Question: I have a few older trees and I am concerned that they may not be safe. What should I do?
Answer: Winter is a good time for safety inspections of older trees. Trees with decay or other obvious problems and those in potentially dangerous locations should be inspected by a professional arborist. You can find arborists in your area who are certified by the International Society of Arboriculture and clicking on Find an Arborist.
If you do you own visual inspection start at the top or bottom of the tree and work carefully to the other end.
Look for signs of trouble such as:
Limbs that Cross and Rub
Gouges or Unnaturally Loose or Peeling Bark
Bare branches at this time of year make it easier to spot problems. Winter is also an excellent time to contact a tree care company to do any corrective pruning that will make your tree safer. Most companies are less busy at this time of year, and in colder climates the frozen soil will help prevent soil compaction by workers or vehicles. Then, too, insects and diseases are less likely to be attracted to branch cuts during dormancy.
The spread of this tree diseases continues recently Thousand Cankers Disease was found in Eastern Tennessee. According to the Tennessee Department of Agriculture, “the risk represents an estimated value loss of $1.37 billion in black walnuts in Tennessee alone. There are an estimated 26 million black walnut trees on Tennessee public and private timberland potentially valued as high as $1.47 billion.” This of course doesn’t take into consideration of the additional benefits that these trees are providing for us including cleaner air, stormwater reduction, cleaner water, carbon sequestration…
But this is significant news because Thousand Cankers Disease was originally found in Colorado and is currently in the following nine states Washington, Oregon, California, Neveda, Idaho, Utah, Arizonia, New Mexico, and Colorado. All of these states, as showcased on the map, are outside of the native black walnut range. Meaning that the impact of this could be millions of trees as there has been no cure for this disease.
Colorado Blue Spruce in Winter
Q: Robert, since winter is quickly approaching can you give readers any general advice about winter tree care focusing on caring for conifers in winter?
The main problem we hear about in winter seems to be bent or broken limbs or trunks on young conifers (pine, evergreens, spruces…). Don’t give up on these young plants. As soon as possible after snow or ice bends them down, use rope, strong cord or wire to secure them upright to stakes or sturdy parts of the tree. Spring growth will usually provide the strength needed to maintain the upright position. At some point during the first or second summer, you should be able to remove the support system. Read more…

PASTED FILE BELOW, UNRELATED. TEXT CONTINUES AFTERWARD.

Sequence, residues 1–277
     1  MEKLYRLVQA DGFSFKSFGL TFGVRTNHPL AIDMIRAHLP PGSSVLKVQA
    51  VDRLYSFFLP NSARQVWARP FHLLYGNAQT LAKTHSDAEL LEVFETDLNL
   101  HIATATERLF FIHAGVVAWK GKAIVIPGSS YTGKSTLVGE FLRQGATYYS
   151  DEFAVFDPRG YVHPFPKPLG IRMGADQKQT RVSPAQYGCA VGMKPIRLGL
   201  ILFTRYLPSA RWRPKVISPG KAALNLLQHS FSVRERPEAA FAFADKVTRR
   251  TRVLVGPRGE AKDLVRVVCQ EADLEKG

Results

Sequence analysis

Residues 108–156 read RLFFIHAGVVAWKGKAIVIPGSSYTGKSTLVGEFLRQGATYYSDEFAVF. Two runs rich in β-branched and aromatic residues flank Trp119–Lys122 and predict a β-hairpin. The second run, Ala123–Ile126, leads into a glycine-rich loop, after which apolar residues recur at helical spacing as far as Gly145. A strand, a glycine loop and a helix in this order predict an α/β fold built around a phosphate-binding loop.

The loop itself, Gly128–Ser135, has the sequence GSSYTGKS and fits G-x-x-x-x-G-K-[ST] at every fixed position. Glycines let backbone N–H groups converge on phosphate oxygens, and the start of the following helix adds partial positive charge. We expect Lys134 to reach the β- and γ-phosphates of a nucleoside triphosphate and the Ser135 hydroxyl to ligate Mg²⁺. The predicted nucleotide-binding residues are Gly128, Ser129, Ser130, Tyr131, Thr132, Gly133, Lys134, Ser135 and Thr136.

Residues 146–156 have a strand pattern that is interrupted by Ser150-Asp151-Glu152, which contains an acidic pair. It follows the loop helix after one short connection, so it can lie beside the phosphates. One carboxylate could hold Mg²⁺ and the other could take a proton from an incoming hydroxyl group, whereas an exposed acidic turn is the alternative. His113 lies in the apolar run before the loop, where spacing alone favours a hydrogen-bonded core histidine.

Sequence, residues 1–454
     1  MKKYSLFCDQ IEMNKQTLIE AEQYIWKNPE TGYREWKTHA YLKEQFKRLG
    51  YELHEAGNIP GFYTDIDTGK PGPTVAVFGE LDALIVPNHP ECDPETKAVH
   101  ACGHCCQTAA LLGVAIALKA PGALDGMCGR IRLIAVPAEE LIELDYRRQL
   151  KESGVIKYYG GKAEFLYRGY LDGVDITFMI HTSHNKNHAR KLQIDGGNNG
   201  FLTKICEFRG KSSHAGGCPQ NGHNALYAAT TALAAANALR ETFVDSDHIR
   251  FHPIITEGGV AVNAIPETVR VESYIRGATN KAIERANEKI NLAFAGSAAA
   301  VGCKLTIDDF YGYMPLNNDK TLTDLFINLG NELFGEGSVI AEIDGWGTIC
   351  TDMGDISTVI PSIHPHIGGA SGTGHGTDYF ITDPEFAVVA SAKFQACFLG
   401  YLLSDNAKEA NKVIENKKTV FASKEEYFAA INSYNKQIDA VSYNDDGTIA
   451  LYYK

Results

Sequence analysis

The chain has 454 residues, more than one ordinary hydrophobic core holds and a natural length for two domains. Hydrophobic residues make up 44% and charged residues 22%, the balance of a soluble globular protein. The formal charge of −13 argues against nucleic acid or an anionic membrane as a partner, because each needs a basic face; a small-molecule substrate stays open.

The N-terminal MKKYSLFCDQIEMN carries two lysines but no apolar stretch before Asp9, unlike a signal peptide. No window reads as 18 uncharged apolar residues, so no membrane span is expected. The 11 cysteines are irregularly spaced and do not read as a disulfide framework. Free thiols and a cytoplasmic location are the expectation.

I have a couple of questions for you accompanied by a few photographs about a yellow poplar and a maple in my yard.
Q: The first question is about a yellow poplar that was here when we moved in about three years ago. It was in need of a trimming, so I did so that winter, especially to remove a lower branch that was out of place. I know certain varieties of the species tend to grow straight up and produce a pyramidal crown later, but this tree seems pretty mature to have not done that yet. I’m wondering, is there any special pruning or anything I can do to help it spread out and start producing shade? The tree is about 20-25 feet and about 6-7 inches in diameter at the trunk. Read more…
Q: How much space do I need for a backyard orchard?
Well, this depends on your purpose. A single, self-pollinating peach tree may satisfy a peach lover. Or you may be like Stuart Kennedy of Cincinnati who just planted 10 dwarf apple trees because his wife makes great pies and they want to watch their budget in these tough economic times. Stuart has also added a 2,200 sq. ft. garden, a grape vine and a pear tree as the family tries to move toward growing its own food.
Q: I’ve noticed that sometimes trees drop their twigs and leaves in the summer. Is this normal for certain species or is this an indication of a problem?
The terms for what you are seeing are “summer dormancy,” “summer leaf drop,” and “cladoptosis,” the latter meaning “a branch” and “falling.” By whatever name, what you see is a reaction to stress. Read more…
Q: What trees attract honeybees?
This is a good question, especially in light of the struggle our industrious little friends are having just to exist in our ever-urbanizing world.
Q: I’ve planted some drought-tolerant species that later died during the hot summer months.
If they are listed as drought-tolerant, shouldn’t this be a guarantee against mortality in the dry period?
Trees listed as drought-tolerant are those that have genetically adapted to sites in their native habitat that regularly experience prolonged dry spells. However, all newly-planted trees can use some help from us.